Michael Cohen: How Trump's former lawyer will survive prison life, according to his jail guide

Chris Riotta

Controlled movements. Daily lockdowns. Constant surveillance.

Michael Cohen will be stripped of most of his liberties when he enters the US prison system in May after pleading guilty to financial crimes, campaign violations and lying to congress. And yet the president’s former attorney says his stint in jail could freeing, telling a federal judge presiding over his case that he had lived in a “personal and mental incarceration” while working for Donald Trump.

Cohen will likely serve his three-year sentence at the FCI Otisville after US district judge William Pauley said he would recommend the prison for him to the Bureau of Prisons – which determines where a prisoner will be held – in court last year.

Considered one of “America’s 10 cushiest prisons” by Forbes Magazine, FCI Otisville is a medium-security correctional institution boasting basketball and tennis courts, a baseball field and an alternate, minimum-security satellite camp.

But the experience won’t be a walk in the park for Cohen, who previously lived in an apartment at Trump World Tower that sold for $3.3m (£2.5m) in 2017: an FCI Otisville inmate handbook seen by The Independent describes a daily schedule for prisoners filled with severe restrictions, from just 10 minutes an hour to walk about freely and a maximum of 12 visitations per month.

For 10 minutes out of every hour in the day, Cohen will be allowed to adhere to a policy called “controlled movement”.

The policy allows inmates to move about somewhat freely through certain areas of the prison. “During the 10 minute period of controlled movement, you may move from one area of the institution to another without a pass or staff escort,” the guidelines read.

The controlled movement period will be announced every single hour of the day, typically at the half hour mark.

After a comprehensive “admission and orientation” programme that includes a medical screening, Cohen, like any other inmate, will be assigned a job.

“This is a community and although you did not choose to be here, you are expected to respect the rights of others, both fellow inmates and staff,” the guidelines read. “We understand that this is a time of special stress for you and the most helpful thing that we can do is to facilitate your participation in the criminal justice system process.”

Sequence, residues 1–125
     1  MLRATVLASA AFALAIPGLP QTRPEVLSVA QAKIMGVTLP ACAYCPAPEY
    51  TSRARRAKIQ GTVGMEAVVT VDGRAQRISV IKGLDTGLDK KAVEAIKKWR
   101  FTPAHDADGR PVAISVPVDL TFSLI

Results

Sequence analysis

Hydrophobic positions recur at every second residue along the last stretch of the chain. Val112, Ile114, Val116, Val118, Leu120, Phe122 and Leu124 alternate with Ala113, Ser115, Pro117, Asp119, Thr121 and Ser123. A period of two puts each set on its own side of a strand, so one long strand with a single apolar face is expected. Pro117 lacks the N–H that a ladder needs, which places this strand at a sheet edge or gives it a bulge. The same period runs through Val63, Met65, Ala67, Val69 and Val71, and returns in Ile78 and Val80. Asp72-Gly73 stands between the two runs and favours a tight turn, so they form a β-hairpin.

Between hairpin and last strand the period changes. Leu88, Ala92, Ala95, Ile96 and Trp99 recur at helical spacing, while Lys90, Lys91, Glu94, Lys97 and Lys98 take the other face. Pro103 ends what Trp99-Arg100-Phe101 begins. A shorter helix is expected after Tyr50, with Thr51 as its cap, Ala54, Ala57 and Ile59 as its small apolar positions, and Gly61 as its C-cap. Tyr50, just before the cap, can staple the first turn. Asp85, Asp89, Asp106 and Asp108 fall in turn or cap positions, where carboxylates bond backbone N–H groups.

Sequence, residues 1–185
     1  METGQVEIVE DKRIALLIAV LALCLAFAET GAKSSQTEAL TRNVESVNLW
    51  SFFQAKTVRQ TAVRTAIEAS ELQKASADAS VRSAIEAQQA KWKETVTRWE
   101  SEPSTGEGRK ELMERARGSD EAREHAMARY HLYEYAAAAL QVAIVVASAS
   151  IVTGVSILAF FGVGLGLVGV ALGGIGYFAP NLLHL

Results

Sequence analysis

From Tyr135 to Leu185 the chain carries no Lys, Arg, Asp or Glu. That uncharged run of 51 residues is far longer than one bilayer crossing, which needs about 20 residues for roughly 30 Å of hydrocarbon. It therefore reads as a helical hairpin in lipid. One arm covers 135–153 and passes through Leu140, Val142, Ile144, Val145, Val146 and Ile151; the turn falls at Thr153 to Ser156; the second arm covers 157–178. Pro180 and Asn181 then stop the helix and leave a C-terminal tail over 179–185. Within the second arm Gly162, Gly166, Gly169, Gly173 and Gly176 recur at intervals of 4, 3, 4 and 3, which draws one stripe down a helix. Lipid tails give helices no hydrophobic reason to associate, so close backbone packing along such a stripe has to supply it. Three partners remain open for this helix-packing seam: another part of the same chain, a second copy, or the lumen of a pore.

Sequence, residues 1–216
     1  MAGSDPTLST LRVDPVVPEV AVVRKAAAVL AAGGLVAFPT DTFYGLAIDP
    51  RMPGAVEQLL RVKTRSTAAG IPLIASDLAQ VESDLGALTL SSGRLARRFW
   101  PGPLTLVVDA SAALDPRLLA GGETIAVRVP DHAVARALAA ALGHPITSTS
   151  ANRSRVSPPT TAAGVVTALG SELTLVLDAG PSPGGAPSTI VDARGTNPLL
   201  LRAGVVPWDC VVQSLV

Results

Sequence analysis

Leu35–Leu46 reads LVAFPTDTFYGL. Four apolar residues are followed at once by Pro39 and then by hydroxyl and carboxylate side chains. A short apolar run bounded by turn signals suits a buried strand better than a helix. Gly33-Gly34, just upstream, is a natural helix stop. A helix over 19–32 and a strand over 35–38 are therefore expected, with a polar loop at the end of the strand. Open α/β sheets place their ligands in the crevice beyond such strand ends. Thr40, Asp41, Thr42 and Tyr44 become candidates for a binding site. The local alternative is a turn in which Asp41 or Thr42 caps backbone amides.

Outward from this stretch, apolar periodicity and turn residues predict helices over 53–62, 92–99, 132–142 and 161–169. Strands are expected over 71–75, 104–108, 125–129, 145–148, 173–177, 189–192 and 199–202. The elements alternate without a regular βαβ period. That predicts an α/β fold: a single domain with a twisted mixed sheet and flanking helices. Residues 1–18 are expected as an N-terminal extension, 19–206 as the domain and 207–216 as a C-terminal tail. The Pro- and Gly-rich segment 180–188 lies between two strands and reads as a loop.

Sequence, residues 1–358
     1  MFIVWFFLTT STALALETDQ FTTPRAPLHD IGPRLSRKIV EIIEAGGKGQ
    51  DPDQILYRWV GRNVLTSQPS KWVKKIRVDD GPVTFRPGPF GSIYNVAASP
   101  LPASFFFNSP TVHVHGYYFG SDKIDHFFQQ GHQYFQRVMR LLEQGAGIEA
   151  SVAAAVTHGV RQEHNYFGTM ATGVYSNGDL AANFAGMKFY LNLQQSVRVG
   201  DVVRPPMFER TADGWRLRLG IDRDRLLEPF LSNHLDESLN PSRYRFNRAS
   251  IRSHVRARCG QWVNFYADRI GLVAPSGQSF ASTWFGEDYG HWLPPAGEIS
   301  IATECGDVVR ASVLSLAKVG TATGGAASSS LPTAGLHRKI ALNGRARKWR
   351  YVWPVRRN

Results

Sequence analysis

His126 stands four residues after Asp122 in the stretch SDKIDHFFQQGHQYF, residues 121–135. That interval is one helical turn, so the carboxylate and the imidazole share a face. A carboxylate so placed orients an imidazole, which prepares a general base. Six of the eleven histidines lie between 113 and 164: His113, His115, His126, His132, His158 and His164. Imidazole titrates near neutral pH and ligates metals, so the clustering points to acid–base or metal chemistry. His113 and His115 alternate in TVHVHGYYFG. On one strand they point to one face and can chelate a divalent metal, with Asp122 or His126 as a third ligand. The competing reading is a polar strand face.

Cohen will be forced to oblige by strict sanitation and work duties beginning at 6am every day.

He will also be forced to participate in counts – where prisoners are checked for absences from within their units – at midnight, 3am, 5am, 4pm and 10pm on weekdays, as well as 10am on weekends. Inmates are required to stand up for all evening counts.

All prisoners must remain in their units during daily counts, “keeping all noise to a minimum”, according to the guidelines. “Interference with the count may result in disciplinary action.”

More often than not, Cohen will be speaking with his correctional counsellor rather than his family, friends or daughter. Inmates are afforded just 12 visit points per month, while they are encouraged to speak with their counsellors “regularly” so they “may solve problems and answer questions with little delay”.

Visit points are spent by inmates each time they receive a guest to the prison: whereas a single visit typically counts as one point on weekdays, weekend and holiday visits cost two points each.

While lights must be turned off by 11.30pm, the daily lockdown normally goes into effect by 9.45pm, meaning Cohen must be in his unit by that time.

Cohen will join nearly 840 inmates at the correctional institution if he is sent to FCI Otisville. The men held at the New York prison have access to cardio equipment, weights, a handball court and areas to run and walk, and can enjoy games of bocce and horseshoes.